Four striking kambaba stones cut as cabochons, highly polished on both sides.
Kambaba jasper is usually easy to recognise because of its rich green colour and black spherical markings. A fine grained rock that takes on a high polish, it's incredibly tactile and a stone that we've featured in as part of our collection for many years.
The polished stones in our photos are arranged in order of weight. The oval stone in the adjacent dropdown list is number 1, number 2 is to its right, 3 is on the left in the second row and number 4 is to its right.
Having carried out extensive research in order to establish what kind of material kambaba stone is, we believe we have finally discovered the truth. For many years we were led to believe it was a stromatolite which is a geological sedimentary structure formed from blue-green algae. We recently discovered that's not true.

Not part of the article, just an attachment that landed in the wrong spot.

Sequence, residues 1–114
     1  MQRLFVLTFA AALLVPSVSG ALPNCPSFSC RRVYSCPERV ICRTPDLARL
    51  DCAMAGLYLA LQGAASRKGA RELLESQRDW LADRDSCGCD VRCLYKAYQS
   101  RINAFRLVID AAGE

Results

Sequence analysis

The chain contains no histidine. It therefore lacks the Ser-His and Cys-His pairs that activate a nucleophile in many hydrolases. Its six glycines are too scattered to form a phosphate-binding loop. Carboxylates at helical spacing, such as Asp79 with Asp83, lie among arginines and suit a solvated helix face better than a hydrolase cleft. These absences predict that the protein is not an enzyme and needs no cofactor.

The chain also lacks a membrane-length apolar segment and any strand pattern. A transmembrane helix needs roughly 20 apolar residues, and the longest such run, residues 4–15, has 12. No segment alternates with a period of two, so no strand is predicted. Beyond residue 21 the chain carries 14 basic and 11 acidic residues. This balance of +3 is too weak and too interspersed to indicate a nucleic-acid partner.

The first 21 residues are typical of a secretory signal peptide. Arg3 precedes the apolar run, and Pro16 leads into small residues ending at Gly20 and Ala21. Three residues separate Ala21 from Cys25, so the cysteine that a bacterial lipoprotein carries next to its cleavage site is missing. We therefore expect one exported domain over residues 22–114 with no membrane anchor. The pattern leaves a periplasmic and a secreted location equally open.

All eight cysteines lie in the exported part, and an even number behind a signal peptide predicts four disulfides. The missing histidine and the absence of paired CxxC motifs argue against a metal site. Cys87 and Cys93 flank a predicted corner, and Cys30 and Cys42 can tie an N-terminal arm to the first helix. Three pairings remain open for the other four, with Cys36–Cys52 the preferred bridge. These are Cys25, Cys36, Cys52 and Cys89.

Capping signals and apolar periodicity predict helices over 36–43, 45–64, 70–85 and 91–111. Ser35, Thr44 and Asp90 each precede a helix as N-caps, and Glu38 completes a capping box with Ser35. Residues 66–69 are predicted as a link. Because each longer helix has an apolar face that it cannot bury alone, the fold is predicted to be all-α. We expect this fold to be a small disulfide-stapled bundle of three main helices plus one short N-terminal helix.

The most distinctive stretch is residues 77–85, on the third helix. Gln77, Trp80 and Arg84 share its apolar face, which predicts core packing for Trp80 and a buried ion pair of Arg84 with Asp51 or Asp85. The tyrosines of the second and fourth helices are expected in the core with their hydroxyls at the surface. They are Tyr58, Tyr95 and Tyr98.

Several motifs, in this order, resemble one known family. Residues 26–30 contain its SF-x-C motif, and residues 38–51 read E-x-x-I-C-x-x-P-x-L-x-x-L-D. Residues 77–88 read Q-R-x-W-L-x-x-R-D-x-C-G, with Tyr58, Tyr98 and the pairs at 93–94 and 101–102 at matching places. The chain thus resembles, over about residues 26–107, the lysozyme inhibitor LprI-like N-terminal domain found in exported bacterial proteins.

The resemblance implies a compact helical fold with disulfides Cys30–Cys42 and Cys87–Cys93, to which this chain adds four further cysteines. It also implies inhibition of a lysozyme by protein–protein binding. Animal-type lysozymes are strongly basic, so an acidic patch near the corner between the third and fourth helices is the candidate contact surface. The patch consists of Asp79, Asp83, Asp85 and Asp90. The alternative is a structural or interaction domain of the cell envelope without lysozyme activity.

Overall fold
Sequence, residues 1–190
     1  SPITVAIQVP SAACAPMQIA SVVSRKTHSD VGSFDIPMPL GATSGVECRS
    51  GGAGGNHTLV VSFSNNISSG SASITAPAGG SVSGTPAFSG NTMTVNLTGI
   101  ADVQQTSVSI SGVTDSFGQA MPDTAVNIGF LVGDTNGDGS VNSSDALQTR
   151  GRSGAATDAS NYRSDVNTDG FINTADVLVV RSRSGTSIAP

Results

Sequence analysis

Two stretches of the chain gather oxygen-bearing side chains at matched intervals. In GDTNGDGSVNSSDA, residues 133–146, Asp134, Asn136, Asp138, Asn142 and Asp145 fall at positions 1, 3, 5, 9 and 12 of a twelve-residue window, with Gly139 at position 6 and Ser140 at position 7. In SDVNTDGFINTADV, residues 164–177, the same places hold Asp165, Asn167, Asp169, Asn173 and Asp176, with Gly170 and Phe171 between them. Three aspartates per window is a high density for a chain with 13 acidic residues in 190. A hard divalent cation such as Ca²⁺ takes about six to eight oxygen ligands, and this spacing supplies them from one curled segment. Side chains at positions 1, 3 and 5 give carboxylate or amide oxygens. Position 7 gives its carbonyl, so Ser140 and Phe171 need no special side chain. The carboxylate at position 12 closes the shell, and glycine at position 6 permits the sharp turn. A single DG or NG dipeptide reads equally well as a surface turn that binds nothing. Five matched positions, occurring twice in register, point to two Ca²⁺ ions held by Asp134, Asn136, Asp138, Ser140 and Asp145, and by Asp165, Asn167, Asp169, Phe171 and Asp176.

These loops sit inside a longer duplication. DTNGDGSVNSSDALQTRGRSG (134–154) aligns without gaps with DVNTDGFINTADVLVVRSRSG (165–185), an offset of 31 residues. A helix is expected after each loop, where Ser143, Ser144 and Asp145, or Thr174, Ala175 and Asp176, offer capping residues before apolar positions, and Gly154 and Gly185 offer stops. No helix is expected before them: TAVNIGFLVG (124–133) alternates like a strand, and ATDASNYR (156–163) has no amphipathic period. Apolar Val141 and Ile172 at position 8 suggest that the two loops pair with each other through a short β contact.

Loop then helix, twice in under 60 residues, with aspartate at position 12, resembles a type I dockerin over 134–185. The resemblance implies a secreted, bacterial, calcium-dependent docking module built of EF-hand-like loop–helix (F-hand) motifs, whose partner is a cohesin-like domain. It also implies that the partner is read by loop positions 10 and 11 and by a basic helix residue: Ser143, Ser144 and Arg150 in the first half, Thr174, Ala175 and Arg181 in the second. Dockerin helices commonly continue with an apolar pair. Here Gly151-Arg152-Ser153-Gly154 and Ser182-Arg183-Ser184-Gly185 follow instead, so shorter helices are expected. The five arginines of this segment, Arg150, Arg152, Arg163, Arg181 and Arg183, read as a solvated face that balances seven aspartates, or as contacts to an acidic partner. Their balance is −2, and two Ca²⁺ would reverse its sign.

The rich green colour is caused by the presence of quartz which features orbs of the mineral feldspar. These are embedded with aggregates (structures formed from a mass of fragments/particles loosely compacted together) made up of tiny needles of amphibole. Amphibole is a group of minerals which form prism or needle-like crystals.
With so many articles online about kambaba stone being geologically incorrect, it wasn't easy to get to the bottom of what this material is. If this is a topic that interests you take a look at the following forum thread. We used this along with other expert information as part of our research into this stone.
Stone 4 | 21.8 grams, 4 x 4 x 0.7 cms This stone has a couple of natural indentations which have not been polished out. They can be seen in our second photo. The stone is on the right in the second row. The indentations are on the two edges facing the camera.